While the world observes October as the 'Breast Cancer Awareness Month', cancer patients living in villages of Sangrur district face a far bigger challenge than deteriorating health. For these persons, and their families, social stigma and economic constraints are behind the "everlasting" pain.
Such is the social stigma attached to cancer that while the patients shy away from visiting a doctor for treatment, the marriage proposals of their children are often rejected because of the condition. In the midst of all this, the money required for their treatment, which should be the priority, often takes the backseat.
"Tuhade ghar tan cancer vareya peya ae (Cancer lives in your house.)." These are the words Balwinder Kumar, a resident of Khanauri village, heard the three times his 35-year-old son's marriage proposal was rejected.
"In three years, I have lost three members of my family, including my parents and uncle, to cancer," Balwinder Singh, who, too, is a cancer patient, says. He refuses to get his photograph clicked, but says his son finally got married a few days ago.
Talking to residents of villages lining the banks of the Ghaggar river in Khanuri, Moonak and Lehragaga sub-divisions, this correspondent found that the problem runs deep.
Even the state government's decision to provide monetary assistance to cancer patients under the much-hyped Chief Minister Cancer Relief Fund Scheme has failed to lure cancer patients to come out in the open for treatment. Ajmair Singh, who was detected with throat cancer three years, reasons why he did not get himself registered with the health department: "Then anyone would have been able to go through my personal details. It would've later created problems at the time of the marriages of my children."
Most cancer patients, Hindustan Times approached, refused to reveal their names. Some people did not even divulge details about the cancer patients in their villages, saying that it would be bring disrepute to their village.
Diagnosed with breast cancer in 2008, Shanti Devi musters up the courage to come on record and speak of her condition: "In the beginning, even neighbours stopped talking to me as they thought that they would also be diagnosed with cancer. No one, except my family members, knows about my health. But, now, even some of them hesitate in talking to me."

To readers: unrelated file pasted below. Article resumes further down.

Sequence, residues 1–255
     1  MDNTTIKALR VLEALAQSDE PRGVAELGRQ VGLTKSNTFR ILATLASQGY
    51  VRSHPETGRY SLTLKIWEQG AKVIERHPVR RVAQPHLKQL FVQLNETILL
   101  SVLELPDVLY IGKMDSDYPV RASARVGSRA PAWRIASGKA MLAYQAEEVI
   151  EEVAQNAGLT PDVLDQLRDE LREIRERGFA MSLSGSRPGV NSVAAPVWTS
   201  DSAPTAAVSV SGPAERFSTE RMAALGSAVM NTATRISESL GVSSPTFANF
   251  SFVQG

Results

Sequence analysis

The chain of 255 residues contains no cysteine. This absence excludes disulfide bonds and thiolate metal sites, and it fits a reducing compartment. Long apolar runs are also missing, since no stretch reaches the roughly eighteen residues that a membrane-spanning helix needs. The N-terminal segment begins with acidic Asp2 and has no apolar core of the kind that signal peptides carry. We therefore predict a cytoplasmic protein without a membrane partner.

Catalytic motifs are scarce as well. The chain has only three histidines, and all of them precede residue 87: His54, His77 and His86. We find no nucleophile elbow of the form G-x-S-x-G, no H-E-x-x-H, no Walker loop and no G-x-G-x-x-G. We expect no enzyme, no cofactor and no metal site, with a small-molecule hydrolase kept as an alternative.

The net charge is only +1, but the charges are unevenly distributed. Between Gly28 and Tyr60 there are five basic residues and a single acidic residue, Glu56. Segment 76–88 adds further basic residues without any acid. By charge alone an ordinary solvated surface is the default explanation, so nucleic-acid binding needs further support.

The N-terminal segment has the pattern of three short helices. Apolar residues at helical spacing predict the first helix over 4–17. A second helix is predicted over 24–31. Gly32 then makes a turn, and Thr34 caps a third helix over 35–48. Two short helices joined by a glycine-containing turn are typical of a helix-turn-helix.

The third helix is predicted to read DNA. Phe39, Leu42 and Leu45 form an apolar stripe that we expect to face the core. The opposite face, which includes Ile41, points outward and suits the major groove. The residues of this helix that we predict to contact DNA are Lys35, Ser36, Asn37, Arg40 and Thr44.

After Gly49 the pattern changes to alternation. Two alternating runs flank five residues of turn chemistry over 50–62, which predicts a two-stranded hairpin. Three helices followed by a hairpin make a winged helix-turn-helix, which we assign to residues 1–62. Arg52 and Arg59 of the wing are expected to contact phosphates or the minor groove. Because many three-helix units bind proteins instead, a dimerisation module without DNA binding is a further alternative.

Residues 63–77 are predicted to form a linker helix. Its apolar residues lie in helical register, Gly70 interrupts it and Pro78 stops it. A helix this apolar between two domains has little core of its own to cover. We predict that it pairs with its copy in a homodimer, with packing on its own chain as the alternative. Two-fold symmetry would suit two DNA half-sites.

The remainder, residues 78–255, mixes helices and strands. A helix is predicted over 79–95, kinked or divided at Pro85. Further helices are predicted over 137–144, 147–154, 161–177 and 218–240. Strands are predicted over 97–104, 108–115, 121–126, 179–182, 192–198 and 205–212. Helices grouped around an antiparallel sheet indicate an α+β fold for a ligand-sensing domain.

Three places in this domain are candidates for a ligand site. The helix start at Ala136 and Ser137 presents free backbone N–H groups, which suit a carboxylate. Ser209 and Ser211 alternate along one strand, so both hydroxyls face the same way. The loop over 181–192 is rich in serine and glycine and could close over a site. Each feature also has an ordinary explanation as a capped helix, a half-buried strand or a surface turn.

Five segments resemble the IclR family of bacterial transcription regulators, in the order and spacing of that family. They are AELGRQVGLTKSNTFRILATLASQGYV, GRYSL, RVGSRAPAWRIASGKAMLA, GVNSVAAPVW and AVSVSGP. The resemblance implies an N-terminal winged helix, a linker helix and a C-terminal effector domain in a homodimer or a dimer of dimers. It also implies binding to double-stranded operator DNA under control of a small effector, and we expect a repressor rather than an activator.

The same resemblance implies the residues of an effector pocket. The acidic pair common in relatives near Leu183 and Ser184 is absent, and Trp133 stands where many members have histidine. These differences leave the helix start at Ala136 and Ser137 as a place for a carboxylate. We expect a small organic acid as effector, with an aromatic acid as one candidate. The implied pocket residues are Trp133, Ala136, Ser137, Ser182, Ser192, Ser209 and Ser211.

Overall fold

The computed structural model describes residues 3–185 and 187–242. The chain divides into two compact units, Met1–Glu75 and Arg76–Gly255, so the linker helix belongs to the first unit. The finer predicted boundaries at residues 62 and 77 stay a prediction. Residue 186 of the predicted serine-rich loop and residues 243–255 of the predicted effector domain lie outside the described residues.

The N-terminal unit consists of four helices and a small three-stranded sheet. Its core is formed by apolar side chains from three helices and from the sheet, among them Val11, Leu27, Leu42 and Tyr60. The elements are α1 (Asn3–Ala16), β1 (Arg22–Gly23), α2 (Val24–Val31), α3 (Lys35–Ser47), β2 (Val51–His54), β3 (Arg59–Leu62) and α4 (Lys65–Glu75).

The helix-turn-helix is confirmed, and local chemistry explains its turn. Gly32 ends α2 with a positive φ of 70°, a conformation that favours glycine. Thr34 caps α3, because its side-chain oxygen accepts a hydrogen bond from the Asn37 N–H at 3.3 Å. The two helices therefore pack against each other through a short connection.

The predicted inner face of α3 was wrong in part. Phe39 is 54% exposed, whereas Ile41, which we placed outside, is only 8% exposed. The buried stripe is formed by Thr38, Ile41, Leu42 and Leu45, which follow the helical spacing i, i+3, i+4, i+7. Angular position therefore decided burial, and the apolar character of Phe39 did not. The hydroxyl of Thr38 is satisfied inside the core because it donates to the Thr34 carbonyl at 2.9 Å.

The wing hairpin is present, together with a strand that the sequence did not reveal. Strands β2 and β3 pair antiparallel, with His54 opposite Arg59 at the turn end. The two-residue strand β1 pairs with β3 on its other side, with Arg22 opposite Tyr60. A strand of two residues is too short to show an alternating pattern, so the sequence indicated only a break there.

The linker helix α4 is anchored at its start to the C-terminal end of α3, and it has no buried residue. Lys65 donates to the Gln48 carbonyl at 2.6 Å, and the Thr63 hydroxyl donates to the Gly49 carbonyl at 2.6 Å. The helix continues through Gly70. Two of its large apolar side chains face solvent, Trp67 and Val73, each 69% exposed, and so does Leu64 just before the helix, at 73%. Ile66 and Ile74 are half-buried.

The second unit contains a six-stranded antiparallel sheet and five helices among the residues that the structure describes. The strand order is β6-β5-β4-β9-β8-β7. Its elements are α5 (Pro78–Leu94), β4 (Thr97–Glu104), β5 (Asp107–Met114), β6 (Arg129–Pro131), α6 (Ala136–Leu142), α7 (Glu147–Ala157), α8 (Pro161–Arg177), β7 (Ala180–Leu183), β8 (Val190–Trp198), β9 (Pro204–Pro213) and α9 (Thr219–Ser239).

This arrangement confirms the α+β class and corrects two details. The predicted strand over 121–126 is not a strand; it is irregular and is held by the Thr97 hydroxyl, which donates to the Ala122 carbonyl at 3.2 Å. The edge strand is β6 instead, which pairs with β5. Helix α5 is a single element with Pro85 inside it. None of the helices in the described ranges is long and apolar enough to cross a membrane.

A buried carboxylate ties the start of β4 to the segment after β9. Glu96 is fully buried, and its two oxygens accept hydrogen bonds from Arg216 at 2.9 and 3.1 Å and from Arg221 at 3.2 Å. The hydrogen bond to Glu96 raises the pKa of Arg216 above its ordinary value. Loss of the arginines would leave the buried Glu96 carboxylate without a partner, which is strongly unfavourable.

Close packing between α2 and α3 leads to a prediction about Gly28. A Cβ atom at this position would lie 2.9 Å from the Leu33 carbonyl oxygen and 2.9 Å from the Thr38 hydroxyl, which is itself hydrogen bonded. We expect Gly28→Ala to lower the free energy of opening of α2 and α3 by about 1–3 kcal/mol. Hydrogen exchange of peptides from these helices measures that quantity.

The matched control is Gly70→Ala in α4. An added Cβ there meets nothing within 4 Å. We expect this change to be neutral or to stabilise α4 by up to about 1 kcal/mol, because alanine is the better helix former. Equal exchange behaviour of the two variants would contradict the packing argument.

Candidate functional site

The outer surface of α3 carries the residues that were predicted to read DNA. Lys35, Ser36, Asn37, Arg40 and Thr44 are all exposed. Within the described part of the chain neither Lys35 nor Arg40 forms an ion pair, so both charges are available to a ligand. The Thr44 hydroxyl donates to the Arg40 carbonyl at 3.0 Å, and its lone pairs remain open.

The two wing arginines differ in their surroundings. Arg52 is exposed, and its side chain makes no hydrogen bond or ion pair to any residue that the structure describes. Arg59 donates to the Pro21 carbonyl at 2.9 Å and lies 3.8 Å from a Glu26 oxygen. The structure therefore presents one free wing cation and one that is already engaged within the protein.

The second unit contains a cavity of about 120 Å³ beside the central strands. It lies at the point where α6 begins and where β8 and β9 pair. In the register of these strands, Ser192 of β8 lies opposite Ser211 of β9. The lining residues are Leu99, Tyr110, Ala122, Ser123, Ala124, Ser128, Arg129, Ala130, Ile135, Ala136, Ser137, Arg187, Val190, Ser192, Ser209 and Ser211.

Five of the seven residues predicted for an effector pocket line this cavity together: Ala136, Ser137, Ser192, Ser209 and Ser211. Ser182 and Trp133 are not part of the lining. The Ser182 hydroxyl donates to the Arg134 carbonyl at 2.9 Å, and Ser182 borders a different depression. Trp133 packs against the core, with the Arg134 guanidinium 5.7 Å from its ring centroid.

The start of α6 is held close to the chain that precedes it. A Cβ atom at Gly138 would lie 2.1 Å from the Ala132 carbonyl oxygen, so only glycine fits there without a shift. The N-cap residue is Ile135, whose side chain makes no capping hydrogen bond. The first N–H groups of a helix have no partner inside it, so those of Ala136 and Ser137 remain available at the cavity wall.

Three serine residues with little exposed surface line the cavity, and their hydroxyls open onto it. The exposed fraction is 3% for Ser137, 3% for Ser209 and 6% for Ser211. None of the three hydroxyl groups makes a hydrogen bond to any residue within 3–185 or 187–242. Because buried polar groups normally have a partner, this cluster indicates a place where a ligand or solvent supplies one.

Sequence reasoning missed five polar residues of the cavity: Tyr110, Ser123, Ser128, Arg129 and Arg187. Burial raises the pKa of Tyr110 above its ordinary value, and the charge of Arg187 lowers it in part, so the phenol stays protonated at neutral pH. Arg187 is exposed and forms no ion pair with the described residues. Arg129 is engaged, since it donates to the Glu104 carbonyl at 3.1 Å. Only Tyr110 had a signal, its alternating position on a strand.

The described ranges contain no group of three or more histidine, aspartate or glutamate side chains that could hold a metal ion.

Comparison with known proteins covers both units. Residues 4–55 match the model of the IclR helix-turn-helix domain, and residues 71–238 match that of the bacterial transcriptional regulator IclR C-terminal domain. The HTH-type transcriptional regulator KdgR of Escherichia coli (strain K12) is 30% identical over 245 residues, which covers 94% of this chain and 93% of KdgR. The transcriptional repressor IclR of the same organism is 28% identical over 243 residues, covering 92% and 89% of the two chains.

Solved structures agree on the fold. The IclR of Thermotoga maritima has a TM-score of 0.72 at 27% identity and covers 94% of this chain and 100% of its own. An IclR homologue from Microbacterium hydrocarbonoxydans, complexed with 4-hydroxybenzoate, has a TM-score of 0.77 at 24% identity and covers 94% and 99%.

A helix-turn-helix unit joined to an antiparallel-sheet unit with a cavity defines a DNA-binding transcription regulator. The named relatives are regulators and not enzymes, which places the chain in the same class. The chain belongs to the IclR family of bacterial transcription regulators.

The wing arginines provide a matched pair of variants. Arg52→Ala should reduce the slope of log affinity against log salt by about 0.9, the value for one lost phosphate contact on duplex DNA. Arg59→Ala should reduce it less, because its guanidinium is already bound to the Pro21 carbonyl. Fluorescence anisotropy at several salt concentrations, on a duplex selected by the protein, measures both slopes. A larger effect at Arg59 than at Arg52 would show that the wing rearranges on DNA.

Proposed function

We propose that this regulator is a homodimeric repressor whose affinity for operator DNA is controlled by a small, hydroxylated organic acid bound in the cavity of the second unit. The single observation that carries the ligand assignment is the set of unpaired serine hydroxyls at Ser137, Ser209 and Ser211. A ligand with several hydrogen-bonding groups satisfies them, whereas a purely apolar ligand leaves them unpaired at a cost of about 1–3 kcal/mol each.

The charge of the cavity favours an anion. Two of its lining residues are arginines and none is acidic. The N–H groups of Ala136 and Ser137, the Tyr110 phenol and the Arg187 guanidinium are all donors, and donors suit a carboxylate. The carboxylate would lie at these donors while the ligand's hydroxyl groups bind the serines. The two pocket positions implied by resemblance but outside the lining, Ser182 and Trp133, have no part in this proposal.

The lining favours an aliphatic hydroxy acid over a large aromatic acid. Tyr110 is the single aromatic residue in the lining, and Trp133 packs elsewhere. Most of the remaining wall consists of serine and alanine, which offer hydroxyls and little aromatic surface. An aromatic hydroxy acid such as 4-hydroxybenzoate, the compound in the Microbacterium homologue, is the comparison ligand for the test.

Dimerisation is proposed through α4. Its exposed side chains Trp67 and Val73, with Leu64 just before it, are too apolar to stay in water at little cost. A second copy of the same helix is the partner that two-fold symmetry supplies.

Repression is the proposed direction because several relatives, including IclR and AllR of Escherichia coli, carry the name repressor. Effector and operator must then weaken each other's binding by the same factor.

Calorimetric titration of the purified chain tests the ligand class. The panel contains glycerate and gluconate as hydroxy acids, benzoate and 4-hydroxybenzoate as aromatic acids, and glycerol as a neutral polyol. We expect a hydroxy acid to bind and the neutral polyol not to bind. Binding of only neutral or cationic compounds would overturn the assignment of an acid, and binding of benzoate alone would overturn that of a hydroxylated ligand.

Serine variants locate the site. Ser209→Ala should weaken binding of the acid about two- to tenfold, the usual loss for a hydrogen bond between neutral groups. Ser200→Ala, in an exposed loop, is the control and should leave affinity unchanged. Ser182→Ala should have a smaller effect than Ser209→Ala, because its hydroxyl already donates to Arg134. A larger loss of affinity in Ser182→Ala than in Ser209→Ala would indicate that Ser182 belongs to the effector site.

Another cancer patient, Mewa Singh, a resident of Anndana village, says that their problems quadruple during the monsoons. "Apart from cancer, floods, contaminated water and poor economic condition of people, have made our part of the state face social isolation," he says.
"Cancer," Mewa Singh says, "is rampant in the village. There are many families that have two or three cases of cancer. Now, even earning a livelihood is tough. Job rejections are another hard reality for us."
Though the health department has no official count of the number of cancer patients in the district, monetary assistance has been provided to 503 patients. "Cancer cases are scattered across the district. In reality, there are more cases. To keep cancer patients socially active, we will hold counselling sessions in villages," says a senior health department official. He adds the government has launched an extensive awareness campaign regarding the CM relief fund so that the benefit reaches maximum people.
Cancer and its connect with Oct, Nov
The entire months of October and November are dedicated to raising awareness about cancer. While October is popularly known as the Breast Cancer Awareness Month, November is dedicated to raising awareness about prostate cancer.